RdRPs as providers of inexpensive feedback regulation:
For conventional feedback regulation (e.g., employing a transcription factor), a biological system must be devised such that a specific repressive interaction between a gene product (or a metabolite that depends on the gene product) and the corresponding RNA or protein occurs. RdRP-based mechanisms provide a much less costly mechanism to generate a self-regulated system. A key requirement for such a system is a negative regulator whose accumulation at any given time depends on the concentration of a product. An RdRP system would allow any gene to engage in feedback regulation by addition of an RdRP recruitment signal to its transcript. This would also provide the capacity to convert any “off-to-on” system into a temporal spike, since strong RdRP recruitment would result in a system in which an initial burst of gene expression could be self-silencing. Importantly for this potential contribution to gene regulation, the RdRP system could be present as a relatively ubiquitous component of cellular machinery, with any message to be autoregulated simply needing to make docking sites available for RdRP to acquire negative regulation following any burst of synthesis.
We thank Anton Gartner for anti-RAD-51, Josef Loidl for anti-REC-8, and Abby Dernburg for anti-HIM-8; Ayelet Lamm for flow cell preparation; Cheryl Smith, Ziming Weng, Phil Lacroute, Anton Valouev, and Arend Sidow for flow cell preparation, sequencing, and data processing; Weng-Onn Lui, Julia Pak, Poornima Parameswaran, and Jay Maniar for ideas on the preparation of small RNA libraries for sequencing; Virginia Walbot for comments on the manuscript; the Caenorhabditis Genetics Center for strains; and Suvi Asikainen, Gary Wong, Derek Pavelec, and Scott Kennedy for sharing data. This work was supported by National Institutes of Health (NIH) grant R01GM37706 to A.Z.F.; NIH grant R01GM53804 to A.M.V.; and a Vienna Science and Technology Fund WWTF grant LS05009 and an Austrian Science Fund FWF Elise Richter grant to V.J. J.I.G. was supported by the Stanford Department of Biological Sciences and by the Stanford Genome Training Program (NHGRI-T32-HG00044), and M.S. was supported by a Canadian Institutes of Health Research postdoctoral fellowship.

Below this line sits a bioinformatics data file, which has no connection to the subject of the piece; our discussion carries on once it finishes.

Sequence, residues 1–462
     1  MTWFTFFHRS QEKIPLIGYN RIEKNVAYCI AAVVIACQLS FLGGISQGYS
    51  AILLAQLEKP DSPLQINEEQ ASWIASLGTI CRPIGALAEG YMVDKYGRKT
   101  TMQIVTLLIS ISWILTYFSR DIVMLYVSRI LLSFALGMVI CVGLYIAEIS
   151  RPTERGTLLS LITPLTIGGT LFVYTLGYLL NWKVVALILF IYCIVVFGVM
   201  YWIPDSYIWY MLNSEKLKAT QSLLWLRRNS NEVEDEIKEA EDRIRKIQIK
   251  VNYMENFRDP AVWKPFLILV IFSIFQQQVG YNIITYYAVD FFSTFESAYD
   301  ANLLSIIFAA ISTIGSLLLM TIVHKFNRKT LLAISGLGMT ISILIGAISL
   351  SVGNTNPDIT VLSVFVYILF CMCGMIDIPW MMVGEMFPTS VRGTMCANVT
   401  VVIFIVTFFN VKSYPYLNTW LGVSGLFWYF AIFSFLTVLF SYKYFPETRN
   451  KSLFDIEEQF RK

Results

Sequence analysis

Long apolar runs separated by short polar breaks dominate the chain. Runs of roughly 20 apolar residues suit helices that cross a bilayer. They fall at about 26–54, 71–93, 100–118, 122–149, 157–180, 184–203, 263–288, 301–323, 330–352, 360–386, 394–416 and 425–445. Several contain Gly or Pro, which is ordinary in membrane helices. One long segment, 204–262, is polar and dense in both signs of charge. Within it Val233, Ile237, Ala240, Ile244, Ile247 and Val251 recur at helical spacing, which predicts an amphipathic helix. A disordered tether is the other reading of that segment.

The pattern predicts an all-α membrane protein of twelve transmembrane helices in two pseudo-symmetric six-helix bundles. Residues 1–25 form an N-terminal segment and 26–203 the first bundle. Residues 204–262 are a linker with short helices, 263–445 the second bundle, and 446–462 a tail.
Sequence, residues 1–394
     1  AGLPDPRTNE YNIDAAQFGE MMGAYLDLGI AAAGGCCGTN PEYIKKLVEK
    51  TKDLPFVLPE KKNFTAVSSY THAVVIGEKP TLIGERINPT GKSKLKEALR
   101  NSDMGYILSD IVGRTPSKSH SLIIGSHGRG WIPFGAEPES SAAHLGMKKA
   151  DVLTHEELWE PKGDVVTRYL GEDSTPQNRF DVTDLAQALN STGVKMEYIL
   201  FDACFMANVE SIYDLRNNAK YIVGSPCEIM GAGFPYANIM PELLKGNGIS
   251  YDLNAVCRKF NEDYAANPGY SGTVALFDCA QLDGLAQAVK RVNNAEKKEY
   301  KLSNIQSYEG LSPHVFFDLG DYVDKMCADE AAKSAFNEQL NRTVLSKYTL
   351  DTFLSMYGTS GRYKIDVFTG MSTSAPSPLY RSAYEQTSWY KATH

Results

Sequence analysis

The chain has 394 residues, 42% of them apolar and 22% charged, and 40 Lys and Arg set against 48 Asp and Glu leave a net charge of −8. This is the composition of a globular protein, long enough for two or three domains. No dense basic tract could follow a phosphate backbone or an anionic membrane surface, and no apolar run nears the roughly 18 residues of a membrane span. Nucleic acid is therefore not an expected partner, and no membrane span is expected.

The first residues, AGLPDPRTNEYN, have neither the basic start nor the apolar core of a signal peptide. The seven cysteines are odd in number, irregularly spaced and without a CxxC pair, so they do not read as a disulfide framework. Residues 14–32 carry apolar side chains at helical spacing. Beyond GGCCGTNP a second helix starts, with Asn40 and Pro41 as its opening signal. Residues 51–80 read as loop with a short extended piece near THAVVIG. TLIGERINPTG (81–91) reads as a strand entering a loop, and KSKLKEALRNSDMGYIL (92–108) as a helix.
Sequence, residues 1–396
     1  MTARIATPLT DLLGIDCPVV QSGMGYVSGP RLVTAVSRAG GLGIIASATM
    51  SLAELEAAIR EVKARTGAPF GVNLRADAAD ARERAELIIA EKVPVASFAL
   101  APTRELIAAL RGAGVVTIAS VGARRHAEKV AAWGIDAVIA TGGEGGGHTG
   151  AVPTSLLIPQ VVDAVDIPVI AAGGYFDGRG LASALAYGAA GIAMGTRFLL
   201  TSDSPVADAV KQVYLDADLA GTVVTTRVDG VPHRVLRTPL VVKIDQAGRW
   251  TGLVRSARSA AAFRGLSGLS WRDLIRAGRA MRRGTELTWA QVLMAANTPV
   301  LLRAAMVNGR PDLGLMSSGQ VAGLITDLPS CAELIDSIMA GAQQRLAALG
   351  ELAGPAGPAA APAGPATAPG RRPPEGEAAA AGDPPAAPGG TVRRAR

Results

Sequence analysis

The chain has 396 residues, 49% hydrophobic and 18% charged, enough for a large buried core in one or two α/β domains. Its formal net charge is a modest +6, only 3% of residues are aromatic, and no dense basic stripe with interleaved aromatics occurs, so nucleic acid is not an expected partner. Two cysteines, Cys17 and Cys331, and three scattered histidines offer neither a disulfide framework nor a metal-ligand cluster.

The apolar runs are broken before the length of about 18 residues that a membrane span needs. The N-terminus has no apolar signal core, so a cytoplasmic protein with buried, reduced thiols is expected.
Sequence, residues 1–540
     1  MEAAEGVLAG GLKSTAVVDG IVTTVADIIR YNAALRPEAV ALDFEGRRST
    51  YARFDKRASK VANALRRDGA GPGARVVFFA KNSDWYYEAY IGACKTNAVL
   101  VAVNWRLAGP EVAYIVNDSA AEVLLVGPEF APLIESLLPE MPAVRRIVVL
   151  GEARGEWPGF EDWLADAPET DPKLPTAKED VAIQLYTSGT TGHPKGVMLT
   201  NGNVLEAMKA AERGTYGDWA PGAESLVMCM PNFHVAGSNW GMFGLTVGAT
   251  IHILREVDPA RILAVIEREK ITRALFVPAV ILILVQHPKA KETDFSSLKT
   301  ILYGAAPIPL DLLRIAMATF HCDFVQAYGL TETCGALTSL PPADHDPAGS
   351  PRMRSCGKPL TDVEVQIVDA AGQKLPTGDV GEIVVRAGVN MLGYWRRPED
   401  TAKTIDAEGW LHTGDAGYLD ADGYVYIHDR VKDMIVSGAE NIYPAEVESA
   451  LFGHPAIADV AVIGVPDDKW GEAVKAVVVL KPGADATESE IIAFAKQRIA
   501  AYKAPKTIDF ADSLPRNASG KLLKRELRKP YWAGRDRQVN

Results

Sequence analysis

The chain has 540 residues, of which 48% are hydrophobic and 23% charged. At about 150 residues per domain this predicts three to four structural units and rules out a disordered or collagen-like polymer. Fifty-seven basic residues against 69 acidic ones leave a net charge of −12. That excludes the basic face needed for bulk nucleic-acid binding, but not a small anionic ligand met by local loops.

Supporting information is available online at http://www.genetics.org/cgi/content/full/genetics.109.109686/DC1.
Communicating editor: K. Kemphues
- Received September 11, 2009.
- Accepted October 1, 2009.
- Copyright © 2009 by the Genetics Society of America